Archive for the 'Military' Category

Jul 10 2007

Why We Should Stay In Iraq

Published by under Military

I really need someone to help me understand some things.

Everyone is up in arms about Iraq. Most people want the soldiers back home. President Bush’s approval rating is at 29%, presumably because people are mad about the war. Certainly, most people have enough money right now to buy every gadget and possession they can imagine so the economy can’t be the issue.

Personally, I believe we will live to regret the day we prematurely leave Iraq and I’ll tell you why.

Something not often reported in newspapers are the REASONS why al-Qaeda blows things and people up. Why is it that they like murder so much? Of course, most Westerners, the lazy people that we are, will simply say, “Oh, they’re crazy.” And that’s the end of the discussion. But below the surface is a reason for violence that would change many people’s views of what’s happening in Iraq.

Al-Qaeda and other radical Isalmic organizations are fighting for nothing less than worldwide sharia law. They want the rule of Islam to be instituted as the state government in every country in the world. Because THEY are currently in the middle east, they’re starting there. They view anyone who does NOT want to implement sharia an infidel. That is why they have no qualms killing other Muslims. They do not view them as true muslims but as kufr, apostates from the Islamic faith. Thus, as any infidel, death is their deserved fate for rebelling against the teachings of the Qu’ran.

While this is an incredibly short explanation and does not get into much detail, it is enough for me to ask my question. What happens when the US leaves Iraq and Iraq is not able to stand on its own (which it certainly isn’t now!)? Who will take power? Is it only the US that the men of al-Qaeda want to see ousted? It is not. Like the Taliban has done in Afghanistan, al-Qaeda will continue to ruin the country of Iraq. What is worse is that Iraq, unlike Afghanistan, has natural resources in the form of oil. If al-Qaeda takes over Iraq upon our departure and builds the infrastructure to the point that they are able to export oil, they will have an endless stream of revenue to finance their terror plots worldwide.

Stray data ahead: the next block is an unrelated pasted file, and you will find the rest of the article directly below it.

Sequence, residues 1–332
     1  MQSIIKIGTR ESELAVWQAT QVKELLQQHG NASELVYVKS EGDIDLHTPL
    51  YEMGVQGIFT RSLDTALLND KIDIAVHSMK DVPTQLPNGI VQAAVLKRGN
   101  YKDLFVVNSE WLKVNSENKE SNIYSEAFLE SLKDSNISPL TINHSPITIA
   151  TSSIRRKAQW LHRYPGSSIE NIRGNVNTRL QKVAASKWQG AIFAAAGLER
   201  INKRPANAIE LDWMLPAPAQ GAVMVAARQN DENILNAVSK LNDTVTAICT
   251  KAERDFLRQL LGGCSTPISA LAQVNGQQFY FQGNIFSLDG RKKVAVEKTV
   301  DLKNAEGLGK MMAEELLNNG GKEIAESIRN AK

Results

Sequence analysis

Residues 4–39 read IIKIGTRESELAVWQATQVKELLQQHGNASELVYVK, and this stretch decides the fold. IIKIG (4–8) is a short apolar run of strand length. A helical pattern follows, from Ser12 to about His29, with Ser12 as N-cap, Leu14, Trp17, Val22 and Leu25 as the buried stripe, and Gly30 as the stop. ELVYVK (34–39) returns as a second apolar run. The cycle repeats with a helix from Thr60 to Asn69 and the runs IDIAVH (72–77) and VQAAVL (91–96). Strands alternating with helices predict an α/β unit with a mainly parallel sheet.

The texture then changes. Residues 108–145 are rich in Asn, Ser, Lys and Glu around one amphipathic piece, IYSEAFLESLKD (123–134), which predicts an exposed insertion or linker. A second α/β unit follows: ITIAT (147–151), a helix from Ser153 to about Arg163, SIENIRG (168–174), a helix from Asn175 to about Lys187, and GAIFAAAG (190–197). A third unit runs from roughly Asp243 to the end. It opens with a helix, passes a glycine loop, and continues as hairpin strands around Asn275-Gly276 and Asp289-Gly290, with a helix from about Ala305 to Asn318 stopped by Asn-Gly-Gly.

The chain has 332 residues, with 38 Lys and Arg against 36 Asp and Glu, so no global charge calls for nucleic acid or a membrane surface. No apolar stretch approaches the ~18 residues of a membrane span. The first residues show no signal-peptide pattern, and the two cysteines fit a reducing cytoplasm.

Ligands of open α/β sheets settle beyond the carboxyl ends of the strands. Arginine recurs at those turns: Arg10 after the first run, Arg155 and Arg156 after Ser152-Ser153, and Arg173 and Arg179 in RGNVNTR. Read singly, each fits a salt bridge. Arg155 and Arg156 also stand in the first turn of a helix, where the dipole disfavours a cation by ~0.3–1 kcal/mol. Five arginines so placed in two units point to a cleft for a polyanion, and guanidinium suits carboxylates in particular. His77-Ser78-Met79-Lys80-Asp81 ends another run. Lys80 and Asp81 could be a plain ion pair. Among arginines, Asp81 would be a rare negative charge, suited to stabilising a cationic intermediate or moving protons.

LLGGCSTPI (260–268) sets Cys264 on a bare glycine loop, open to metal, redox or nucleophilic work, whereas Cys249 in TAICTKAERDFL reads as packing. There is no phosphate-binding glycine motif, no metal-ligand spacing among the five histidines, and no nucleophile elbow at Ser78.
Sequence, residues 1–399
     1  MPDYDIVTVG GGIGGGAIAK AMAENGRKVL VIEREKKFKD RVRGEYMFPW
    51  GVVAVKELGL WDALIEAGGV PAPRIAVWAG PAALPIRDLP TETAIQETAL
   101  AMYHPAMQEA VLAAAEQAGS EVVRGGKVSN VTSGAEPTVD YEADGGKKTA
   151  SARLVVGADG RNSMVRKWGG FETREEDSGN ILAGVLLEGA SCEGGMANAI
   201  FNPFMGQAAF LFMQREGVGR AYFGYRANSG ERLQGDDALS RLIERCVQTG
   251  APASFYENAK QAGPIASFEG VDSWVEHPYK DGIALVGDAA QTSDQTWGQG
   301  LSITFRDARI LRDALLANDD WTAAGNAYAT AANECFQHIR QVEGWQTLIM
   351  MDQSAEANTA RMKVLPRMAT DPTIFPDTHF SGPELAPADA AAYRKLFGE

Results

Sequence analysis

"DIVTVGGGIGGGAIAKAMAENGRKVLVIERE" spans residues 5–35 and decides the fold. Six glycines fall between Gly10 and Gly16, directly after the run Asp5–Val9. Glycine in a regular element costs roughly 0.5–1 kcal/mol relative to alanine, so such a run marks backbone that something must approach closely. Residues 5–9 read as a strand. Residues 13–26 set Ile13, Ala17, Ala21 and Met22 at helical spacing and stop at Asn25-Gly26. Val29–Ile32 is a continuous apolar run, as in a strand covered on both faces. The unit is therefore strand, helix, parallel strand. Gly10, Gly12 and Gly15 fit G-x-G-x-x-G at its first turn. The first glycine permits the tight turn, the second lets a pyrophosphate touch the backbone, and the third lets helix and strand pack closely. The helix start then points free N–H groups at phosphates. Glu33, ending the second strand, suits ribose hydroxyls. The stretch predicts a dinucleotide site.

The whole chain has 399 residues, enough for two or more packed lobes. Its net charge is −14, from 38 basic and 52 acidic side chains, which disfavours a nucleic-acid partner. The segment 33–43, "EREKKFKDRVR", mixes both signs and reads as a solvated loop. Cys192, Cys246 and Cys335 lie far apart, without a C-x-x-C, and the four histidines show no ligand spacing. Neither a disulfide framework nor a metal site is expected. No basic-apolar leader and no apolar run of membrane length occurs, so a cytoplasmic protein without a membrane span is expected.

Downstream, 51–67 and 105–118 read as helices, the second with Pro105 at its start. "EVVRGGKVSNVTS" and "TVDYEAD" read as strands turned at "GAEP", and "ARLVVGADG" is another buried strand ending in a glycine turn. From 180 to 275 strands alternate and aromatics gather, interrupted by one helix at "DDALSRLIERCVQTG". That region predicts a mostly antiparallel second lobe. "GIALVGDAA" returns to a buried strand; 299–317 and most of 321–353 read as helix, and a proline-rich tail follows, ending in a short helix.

And make no mistake that their ambition is not only the subjugation of Iraq or Afghanistan. Like any organization with goals, this is just the beginning of a grander plan.

So I ask again…why are we fleeing Iraq? Yes, soldiers die every day and that is tragic. And Iraqi civilians are being killed by the dozen and that makes me super sad. But to look BACKWARD and talk about “Bush lied” or any other such rhetoric is NOT where the debate should be focused. Those decisions are sunk costs. The current decision should ONLY be framed by what’s best for all parties going forward. Because I believe my analysis to be correct (gleaned from other sources, obviously, as I’m not that smart), I think our only course of action is to stay.

To give al-Qaeda time to mobilize its forces (people), resources (weapons/cash), and overthrow the Iraqi government would eventually spell far more death and destruction than we can imagine. Because Iraq is not their end game. They have sworn over and over that they want every country to be under sharia law. So whether we like it or not, this battle against radical Islam (which should really be termed a different religion altogether) is just beginning.

If someone can convince me I’m wrong, I will certainly listen. But it bristles me that so much of the rhetoric and debate on Capitol Hill focuses on so much emotionalism and so little reason. I wish the war wasn’t happening either, but it is. And if we don’t finish it right, we will pay a far higher price in the future.